FBI: Violent Crime, Murders Up In 2015

| by Nik Bonopartis
An NYPD patrol car in ManhattanAn NYPD patrol car in Manhattan

Violent crime increased appreciably in the U.S. in 2015 while property crimes declined slightly, according to annual crime statistics released by the FBI.

The FBI released its Uniform Crime Reporting package on Sept. 26, detailing raw crime numbers as reported by law enforcement agencies across the U.S., as well as numbers indicating overall crime trends across the country.

In all, there were 1,197,704 violent crimes recorded in the U.S. in 2015, according to the FBI. That includes 15,696 murders, more than 90,000 rapes, and 327,374 robberies.

Firearms remained the weapon of choice for America's violent criminals -- the FBI says guns were used in 71.5 percent of U.S. murders, 40.8 percent of robberies, and 24.2 percent of aggravated assaults.

The number of murders was particularly alarming, experts said, with a nearly 11 percent increase. That's 1,532 more murders than the agency recorded in 2014, statistics show.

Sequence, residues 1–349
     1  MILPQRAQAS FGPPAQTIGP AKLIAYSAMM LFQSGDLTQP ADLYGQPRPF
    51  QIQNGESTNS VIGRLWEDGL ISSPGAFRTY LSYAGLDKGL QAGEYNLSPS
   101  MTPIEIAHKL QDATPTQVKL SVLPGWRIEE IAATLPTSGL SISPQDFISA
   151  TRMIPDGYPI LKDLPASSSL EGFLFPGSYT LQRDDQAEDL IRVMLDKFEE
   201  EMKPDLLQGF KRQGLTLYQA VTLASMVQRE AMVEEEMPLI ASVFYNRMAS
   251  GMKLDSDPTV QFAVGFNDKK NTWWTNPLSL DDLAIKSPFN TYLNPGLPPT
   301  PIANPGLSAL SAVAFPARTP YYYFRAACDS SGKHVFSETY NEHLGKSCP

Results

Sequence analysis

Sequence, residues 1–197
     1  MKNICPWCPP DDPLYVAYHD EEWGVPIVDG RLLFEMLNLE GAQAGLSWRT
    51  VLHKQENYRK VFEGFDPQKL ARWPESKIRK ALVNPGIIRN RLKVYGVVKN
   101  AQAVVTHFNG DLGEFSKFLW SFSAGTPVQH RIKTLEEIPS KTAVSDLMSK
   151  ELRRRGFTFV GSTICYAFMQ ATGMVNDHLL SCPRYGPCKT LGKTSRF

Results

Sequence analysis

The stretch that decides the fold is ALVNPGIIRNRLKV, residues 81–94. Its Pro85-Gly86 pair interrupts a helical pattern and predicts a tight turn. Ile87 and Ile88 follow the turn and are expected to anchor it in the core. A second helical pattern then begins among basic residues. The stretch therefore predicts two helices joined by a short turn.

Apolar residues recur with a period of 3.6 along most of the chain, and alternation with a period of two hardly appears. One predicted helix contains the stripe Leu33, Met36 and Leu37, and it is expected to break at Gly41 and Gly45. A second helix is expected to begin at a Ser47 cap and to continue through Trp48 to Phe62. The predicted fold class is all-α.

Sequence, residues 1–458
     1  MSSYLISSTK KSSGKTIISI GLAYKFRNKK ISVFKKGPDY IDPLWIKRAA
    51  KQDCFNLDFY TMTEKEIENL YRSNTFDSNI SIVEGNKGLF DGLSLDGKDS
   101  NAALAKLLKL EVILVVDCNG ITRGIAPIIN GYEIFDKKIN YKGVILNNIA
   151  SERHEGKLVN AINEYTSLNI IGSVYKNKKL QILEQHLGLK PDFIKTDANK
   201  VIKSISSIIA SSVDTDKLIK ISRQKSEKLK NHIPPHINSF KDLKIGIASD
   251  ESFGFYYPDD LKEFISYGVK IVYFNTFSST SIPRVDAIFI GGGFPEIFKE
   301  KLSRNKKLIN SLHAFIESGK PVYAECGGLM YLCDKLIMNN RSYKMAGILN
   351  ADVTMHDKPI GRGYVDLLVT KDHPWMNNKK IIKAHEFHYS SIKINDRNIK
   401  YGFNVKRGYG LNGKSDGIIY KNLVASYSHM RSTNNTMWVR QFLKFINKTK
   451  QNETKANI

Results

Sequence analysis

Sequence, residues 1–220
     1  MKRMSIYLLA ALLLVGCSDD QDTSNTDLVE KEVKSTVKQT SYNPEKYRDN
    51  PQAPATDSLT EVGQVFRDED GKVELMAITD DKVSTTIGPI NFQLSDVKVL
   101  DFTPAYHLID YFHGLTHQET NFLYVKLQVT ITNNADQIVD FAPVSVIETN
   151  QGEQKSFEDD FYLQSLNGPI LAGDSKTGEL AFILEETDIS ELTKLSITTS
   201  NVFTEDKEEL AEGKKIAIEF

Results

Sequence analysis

Despite that, overall crime -- both violent and nonviolent -- is down drastically from even a decade ago. While the murder rate increased from 4.4 in 2014 to 4.9 last year, that's still significantly lower than the 5.6 murders per 100,000 people recorded in 2005.

"Violent crime...did go up," tweeted John Pfaff, a professor at Fordham Law School. "But increase is such that [2015] was still one of the safest years."

Attorney General Loretta Lynch also downplayed the numbers while speaking to reporters at an event in Little Rock, Arkansas, the Los Angeles Times reported.

In context, crime remains historically low, Lynch noted, and said, "It is important to remember that while crime did increase overall last year, 2015 still represented the third-lowest year for violent crime in the past two decades."

Sources: FBI, Los Angeles Times, John Pfaff/Twitter / Photo credit: Krokodyl/Wikimedia Commons

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